200%: A football coach can have a clear vision of how he wants his team to play but in order to be successful they need to adapt their vision to the qualities of the players as well. Do you as a choreographer work in a similar way with your dancers?
LB: Each commission is a new encounter, a new group of individuals. Most times we meet personally on the first day and then we start right away. I take this challenge as something positive because I like to say I work with “what I have” around me. This is because it is always exciting to see how the choreographic material is going to translate in every single body. Everyone is so unique, so the choreography will be very much shaped according to how each single dancer responds to it. I love to keep this dialogue in the work, this is one of the richest interactions about this work we do in dance. Guiding the dancers towards such a specific physicality is a symbiotic experience that sometimes can take longer than others but I like to push and find new ways to give the opportunity or space for the dancers to go beyond a certain border. I learned a lot from that exchange as well.

200%: What was it like collaborating with the six dancers? How long did you rehearse? 
LB: Working with this group of NDT2 dancers was an incredible and rewarding experience. I felt super grateful to be working with such talented and inspiring artists that were completely immersed in the work from day one. We had about eighty hours in total [to rehearse] which is not so much but it really was a symbiotic and fruitful process.

200%: Did you leave room for them to improvise?
LB: Yes, there must be space for improvisation but mostly to observe their imagination and how they work with the material. But it’s a give and take, and I compose the choreography very much on the spot.

200%: In developing the work the dancers were shown images of mutated animals. One of the dancers, Nick Daniels, even drew inspiration from footage he watched of a crab rediscovering how to walk again after amputating its own limb. Was it your idea for the dancers to draw inspiration from animalistic behaviour?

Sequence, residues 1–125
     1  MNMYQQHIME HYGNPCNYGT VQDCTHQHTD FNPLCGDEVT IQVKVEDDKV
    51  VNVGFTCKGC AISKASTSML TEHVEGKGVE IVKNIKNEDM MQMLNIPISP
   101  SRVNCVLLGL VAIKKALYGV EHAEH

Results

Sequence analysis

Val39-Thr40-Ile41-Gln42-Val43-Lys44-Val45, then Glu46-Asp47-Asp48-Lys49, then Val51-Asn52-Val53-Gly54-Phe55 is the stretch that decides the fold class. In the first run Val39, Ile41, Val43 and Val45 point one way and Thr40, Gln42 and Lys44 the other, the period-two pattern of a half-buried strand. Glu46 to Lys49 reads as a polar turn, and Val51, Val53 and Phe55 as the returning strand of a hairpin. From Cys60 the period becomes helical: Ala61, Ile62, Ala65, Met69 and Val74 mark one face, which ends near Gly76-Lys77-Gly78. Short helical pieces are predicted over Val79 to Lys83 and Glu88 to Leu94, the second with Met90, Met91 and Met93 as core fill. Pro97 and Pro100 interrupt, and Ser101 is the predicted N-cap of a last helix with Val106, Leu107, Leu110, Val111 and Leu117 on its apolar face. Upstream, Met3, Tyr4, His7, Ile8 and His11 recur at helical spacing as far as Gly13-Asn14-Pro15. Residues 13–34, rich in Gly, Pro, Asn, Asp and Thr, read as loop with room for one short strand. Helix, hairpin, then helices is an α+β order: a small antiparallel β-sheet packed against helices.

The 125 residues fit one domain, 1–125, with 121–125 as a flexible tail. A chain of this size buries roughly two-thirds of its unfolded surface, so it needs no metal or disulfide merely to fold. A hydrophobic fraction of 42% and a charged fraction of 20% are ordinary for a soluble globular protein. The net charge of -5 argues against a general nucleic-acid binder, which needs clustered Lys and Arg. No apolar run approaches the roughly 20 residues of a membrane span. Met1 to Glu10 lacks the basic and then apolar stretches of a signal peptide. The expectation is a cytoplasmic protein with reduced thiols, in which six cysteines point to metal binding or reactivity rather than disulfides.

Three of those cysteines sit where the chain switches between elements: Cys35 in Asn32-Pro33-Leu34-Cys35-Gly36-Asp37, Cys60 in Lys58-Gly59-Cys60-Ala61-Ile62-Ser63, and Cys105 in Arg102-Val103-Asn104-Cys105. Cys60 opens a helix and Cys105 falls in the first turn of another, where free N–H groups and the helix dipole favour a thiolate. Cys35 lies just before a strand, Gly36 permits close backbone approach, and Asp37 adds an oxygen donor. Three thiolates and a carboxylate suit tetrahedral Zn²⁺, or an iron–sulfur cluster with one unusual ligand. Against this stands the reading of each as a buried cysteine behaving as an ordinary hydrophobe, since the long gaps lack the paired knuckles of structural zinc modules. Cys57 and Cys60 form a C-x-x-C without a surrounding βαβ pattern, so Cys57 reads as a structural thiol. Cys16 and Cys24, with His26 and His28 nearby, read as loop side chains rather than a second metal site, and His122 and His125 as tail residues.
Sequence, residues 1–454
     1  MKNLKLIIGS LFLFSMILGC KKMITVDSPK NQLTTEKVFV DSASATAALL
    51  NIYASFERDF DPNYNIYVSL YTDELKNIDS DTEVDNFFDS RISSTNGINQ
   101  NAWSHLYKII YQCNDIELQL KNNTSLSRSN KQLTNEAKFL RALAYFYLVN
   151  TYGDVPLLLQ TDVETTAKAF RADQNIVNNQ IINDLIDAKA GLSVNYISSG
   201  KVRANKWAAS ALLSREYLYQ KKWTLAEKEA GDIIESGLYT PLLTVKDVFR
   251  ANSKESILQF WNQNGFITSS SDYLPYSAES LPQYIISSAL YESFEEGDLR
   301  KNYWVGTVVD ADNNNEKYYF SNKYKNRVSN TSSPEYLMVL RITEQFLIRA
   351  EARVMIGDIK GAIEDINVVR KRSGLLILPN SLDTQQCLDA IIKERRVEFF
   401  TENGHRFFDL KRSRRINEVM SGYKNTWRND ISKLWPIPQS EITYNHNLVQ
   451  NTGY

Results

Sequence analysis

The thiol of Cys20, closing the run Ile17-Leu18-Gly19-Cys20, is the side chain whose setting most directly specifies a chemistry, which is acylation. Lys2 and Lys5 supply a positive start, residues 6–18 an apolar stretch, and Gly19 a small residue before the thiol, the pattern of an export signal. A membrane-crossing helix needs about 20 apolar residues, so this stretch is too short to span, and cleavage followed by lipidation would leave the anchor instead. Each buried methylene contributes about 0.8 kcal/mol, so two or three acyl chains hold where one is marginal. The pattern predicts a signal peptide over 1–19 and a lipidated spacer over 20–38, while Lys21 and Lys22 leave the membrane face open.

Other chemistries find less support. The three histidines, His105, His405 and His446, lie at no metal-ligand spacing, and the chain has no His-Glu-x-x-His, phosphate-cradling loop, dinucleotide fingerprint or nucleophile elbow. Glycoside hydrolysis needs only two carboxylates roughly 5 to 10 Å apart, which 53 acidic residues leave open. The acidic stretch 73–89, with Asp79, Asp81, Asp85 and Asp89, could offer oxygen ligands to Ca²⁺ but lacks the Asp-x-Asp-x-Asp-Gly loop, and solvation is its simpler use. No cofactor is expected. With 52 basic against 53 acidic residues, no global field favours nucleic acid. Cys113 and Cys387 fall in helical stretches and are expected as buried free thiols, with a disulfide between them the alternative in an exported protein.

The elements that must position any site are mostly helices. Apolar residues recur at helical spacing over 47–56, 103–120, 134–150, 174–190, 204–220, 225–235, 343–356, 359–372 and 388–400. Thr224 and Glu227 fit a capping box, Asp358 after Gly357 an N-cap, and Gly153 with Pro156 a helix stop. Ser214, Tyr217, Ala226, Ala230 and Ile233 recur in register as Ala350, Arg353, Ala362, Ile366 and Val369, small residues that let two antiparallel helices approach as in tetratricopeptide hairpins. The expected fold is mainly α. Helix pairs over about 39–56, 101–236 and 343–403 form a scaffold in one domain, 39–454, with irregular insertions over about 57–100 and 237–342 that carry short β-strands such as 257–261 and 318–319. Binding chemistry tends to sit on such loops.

LB: It really is about feeding the imagination and going beyond the bodily form as we know it. I wanted to persist in the idea of hybrids, symbiosis and transformation, keywords that can open worlds where forms have no separations between animals, humans and other living or material forms.

200%: What were your ideas behind the costumes you designed for the dancers?
LB: The costumes allow the purity, the archeology of the body to be the  focus. I needed nothing more.

200%: Did you want the choreography of GROTTO to be sensual and sultry?
LB: Not really. It also came out with those qualities and characteristics.

200%: Do you seek to express your view on mankind in your choreographies?
LB: Not purposely. I’m only interested in creating and expressing through ways I know. But my experience and my imagination are not disconnected from the world we live in.

200%: The programme was announced as ‘Up & Coming Choreographers’. Have you got any idea where you want to be in 10 years?
LB: The world is quite unpredictable…

200%: Could you share a little about the next choreography you’re currently working on?
LB: I will be creating a new work for the dance company at Staatstheater Kassel in Germany, Tanz.Kassel. We’ll be working on the “sleeping beauty” theme. The theme for this new commission is this time a proposition from the artistic director, one I embrace with great enthusiasm and excitement. The premiere will be on 22th of October.

Interview conducted by Thierry Somers. Photos: Joris-Jan Bos 
Netherlands Dance Theater, GROTTO. Choreography: Liliana Barros